In our reviews, we'll try not to bore you with minutiae of a game. Instead, we'll outline what makes the game good or bad, and focus on telling you whether or not it is worth your time as opposed to what button makes you jump.

We use a five-star rating system with intervals of .5. Below is an outline of what each score generally means:

All games that receive this score are standout games in their genre. All players should seek a way to play this game. While the score doesn't equate to perfection, it's the best any game could conceivably do.

These are above-average games that most players should consider purchasing. Nearly everyone will enjoy the game and given the proper audience, some may even love these games.

This is our middle-of-the-road ranking. Titles that receive three stars may not make a strong impression on the reviewer in either direction. These games may have some faults and some strong points but they average out to be a modest title that is at least worthy of rental for most.

Games that are awarded two stars are below average titles. Good ideas may be present, but execution is poor and many issues hinder the experience.

Though functional, a game that receives this score has major issues. There are little to no redeeming qualities and should be avoided by nearly all players.

A game that gets this score is fundamentally broken and should be avoided by everyone.

Side By Side - Version Differences

There are five versions available: One on the Nintendo DS, one on Wii, two on iOS, and one on 3DS. Out of the iOS versions, there is an HD version and a normal version based on the DS port of the Japanese only Gameboy Advance original, which both the DS and Wii version are based on. Out of those three, the Wii is the weakest as the series benefits greatly from a touch screen while the other two is a matter of preference between DS and an iPhone/iPad.

The HD version, however, is superior for its sharp visuals and less cramped display, though the interface is a bit cumbersome. Text moves the slowest of the three and while there is an option to speed it up (unlike the aforementioned three), this method is strange and often would make me accidentally skip lines of dialog. If you have a 3DS, however, that is the way to go. Its graphics are not quite as good as the HD version, but significantly better than the other three. The interface, meanwhile, is the best of the three letting you speed up the dialog from its slow pace. Just give a demo a shot first because it is only packaged as a trilogy with its sequels Justice for All and Trials and Tribulations.



Cary Woodham

05/02/2016 at 01:33 PM

When I first saw this game, I thought, "Who would want to play a game about being a lawyer?"  But later, when I heard it was starting to get rare, I decided to get it anyway.  Now, the Ace Attorney series are my favorite games on the DS, and I'll get any sequel that comes out.  I wish Capcom would release the Phoenix Wright X Sherlock Holmes game and Phoenix Wirght 6 in the US (those are the newest ones).  I also want Miles Edgeworth 2, but I think that's a lost cause.

Nick DiMola Director

05/04/2016 at 10:34 AM

This is the only game in this series I played and I can't say I liked it much. I do want to go back to it at some point though as I really enjoyed Danganronpa and I'm wondering if I'd have more of a palate for it now.

Casey Curran Staff Writer

05/07/2016 at 01:39 AM

First off, whether you beat it would have a huge impact on your opinion. The last case (or in this game last two since they added one for the DS version) is vastly better than every other case in every AA game, always going far above and beyond the previous cases. And if you did, the sequels do make the investigations much better, limiting them to fewer days and adding a gameplay element where you have to find specific evidence to break people you encounter, giving a clearer goal and fun logic puzzles.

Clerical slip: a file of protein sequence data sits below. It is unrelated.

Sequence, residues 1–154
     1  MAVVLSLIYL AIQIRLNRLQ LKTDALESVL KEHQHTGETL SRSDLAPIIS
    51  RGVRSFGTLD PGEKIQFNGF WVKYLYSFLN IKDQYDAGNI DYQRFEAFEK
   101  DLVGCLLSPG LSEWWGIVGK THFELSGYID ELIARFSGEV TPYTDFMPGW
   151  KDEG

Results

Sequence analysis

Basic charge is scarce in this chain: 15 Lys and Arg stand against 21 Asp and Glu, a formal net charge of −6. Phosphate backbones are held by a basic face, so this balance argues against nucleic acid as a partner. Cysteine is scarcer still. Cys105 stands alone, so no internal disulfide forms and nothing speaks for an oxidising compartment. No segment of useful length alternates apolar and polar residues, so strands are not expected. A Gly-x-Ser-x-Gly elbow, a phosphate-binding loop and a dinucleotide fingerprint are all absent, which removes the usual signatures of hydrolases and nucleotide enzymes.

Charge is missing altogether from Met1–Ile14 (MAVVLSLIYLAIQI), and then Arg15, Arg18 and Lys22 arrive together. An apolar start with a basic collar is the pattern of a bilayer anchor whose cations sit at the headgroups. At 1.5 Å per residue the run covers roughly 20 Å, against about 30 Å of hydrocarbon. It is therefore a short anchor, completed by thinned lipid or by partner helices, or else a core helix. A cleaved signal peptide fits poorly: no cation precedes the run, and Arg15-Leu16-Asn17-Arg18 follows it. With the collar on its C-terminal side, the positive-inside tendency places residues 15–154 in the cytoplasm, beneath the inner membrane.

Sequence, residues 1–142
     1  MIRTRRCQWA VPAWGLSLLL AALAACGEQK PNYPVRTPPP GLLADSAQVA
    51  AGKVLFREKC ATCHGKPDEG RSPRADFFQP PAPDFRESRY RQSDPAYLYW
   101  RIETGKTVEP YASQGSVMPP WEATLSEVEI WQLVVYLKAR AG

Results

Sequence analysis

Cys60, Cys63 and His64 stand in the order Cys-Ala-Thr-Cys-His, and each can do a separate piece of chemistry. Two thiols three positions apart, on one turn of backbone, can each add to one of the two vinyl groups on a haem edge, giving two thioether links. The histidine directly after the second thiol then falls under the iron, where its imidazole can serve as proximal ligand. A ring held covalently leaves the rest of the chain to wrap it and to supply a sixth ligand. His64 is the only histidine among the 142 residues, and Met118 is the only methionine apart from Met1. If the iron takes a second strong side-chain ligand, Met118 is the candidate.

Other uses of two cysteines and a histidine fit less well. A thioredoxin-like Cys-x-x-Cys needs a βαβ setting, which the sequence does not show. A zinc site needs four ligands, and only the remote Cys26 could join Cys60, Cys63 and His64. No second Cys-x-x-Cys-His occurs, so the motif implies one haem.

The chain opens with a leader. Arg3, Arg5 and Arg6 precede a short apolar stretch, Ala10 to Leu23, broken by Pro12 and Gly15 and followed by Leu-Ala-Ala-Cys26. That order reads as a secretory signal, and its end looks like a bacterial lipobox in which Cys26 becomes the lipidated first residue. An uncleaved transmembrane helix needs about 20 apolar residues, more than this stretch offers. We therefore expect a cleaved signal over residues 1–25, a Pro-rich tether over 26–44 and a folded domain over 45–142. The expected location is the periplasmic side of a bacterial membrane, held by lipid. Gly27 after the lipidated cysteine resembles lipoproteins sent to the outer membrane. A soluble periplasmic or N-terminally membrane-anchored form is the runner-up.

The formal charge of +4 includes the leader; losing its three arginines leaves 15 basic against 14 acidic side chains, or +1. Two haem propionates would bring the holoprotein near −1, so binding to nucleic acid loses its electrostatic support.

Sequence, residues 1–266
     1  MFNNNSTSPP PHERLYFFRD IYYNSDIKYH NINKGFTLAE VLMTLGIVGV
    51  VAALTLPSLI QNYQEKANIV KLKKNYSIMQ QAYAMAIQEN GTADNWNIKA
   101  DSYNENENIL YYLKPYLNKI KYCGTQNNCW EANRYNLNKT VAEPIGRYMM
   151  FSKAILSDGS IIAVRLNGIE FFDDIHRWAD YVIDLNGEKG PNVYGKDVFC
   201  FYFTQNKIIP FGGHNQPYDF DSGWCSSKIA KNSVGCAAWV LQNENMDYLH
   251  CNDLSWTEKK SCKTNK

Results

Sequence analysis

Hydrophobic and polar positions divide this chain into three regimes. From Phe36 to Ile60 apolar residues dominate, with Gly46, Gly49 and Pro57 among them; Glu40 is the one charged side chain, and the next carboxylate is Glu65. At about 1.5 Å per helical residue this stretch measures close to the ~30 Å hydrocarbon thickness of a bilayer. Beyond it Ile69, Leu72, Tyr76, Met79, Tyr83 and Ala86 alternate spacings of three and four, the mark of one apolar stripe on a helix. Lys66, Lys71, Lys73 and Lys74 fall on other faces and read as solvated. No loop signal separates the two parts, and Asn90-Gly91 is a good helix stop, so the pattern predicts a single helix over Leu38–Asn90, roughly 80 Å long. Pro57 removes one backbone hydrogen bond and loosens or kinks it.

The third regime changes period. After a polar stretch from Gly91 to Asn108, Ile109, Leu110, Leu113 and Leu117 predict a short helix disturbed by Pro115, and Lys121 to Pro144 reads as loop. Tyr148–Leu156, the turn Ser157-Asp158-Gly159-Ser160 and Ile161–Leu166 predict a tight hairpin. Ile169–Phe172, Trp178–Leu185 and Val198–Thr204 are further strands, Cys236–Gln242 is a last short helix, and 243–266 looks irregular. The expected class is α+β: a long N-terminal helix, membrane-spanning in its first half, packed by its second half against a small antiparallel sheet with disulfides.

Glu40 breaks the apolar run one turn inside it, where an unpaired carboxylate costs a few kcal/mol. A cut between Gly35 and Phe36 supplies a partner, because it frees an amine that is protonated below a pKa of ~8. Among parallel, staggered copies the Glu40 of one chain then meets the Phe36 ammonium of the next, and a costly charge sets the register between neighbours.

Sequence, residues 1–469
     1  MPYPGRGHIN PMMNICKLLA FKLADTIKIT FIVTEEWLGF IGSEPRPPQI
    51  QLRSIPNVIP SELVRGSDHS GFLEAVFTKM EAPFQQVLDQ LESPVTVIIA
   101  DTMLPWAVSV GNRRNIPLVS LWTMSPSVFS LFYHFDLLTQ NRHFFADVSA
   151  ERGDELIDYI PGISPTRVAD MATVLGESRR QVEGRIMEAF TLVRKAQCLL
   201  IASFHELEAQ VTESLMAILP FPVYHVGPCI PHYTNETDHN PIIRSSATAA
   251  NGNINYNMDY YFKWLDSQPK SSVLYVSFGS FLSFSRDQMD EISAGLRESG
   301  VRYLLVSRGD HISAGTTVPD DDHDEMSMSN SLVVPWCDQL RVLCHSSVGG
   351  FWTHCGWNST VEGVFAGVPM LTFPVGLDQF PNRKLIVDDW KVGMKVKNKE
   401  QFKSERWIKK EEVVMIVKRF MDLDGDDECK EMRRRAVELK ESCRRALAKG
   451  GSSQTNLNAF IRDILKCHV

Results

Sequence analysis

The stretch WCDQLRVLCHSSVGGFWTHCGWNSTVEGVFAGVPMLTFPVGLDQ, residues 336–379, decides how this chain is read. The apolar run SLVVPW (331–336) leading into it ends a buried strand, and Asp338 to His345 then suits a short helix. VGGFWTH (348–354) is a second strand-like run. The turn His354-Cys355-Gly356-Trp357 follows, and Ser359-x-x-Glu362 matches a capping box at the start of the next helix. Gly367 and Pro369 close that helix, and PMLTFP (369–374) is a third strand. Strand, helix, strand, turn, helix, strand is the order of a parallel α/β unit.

Nick DiMola Director

05/07/2016 at 09:47 AM

I did beat the game. Can't say I remember much though, it's been a very long time since I played it. I want to say I started the second game as well, but I don't remember for sure.

If I recall correctly, my biggest gripe about the game was the rigidness of it all. Even though I might've figured something two steps ahead out, I had to jump through a number of mundane and often illogical hoops to explain pieces of things before the bigger more important thing. Or the whole trouble of finding a needle in a haystack when searching for evidence to support the case.

All that said, I liked Danganronpa 1 & 2 well enough that I want to go at this series again and try to get more into it. Chessa adores all of the games in the series, so we've got them all. Would love for things to click and to go through each one.


05/07/2016 at 10:34 AM

I really like the series, but this is my biggest gripe also. It often penalizes you for figuring out what evidence to present before they want you too, and sometimes makes you go through some illogical step in between (such as presenting some other evidence at another statement where it even explicitly tells you that even Phoenix doesn't know why he is presenting it, he just knows he has to do something). 

Casey Curran Staff Writer

05/07/2016 at 02:39 PM

That is a legitimate gripe but it didn't bother me too much as I quickly learnedto read carefully into what exactly is being said before presenting evidence. I do think it gets better at this as the series goes on as well, though there are still a few cases where it can be a problem  (the circus case in J4A comes to mind)

I'd still recommend giving the rest of the trilogy a try, JFA for its amazing final case with probably the best moral dilemma I have seen in video games and T&T is one of my top ten games ever, it's really that good

The Last Ninja

05/06/2016 at 11:54 AM

For awhile, I thought these games were just weird. Then, in 2008, I decided to try out the first one. I was blown away! The reason I love this series and why it is so compelling is because of the characters and stories. They are absurd, outlandish, yet compelling, and like you said, beating a case feels like a huge achievement. Also, the writing in these games is simply some of the best you'll ever see in video games.